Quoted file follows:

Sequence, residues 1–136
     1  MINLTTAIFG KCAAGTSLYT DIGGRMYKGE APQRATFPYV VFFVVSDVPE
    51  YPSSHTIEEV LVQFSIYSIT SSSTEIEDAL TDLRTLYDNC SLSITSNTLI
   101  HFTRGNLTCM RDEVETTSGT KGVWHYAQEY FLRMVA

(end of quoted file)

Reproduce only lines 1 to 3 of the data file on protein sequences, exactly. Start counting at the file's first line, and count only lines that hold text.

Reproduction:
Sequence, residues 1–136
     1  MINLTTAIFG KCAAGTSLYT DIGGRMYKGE APQRATFPYV VFFVVSDVPE
    51  YPSSHTIEEV LVQFSIYSIT SSSTEIEDAL TDLRTLYDNC SLSITSNTLI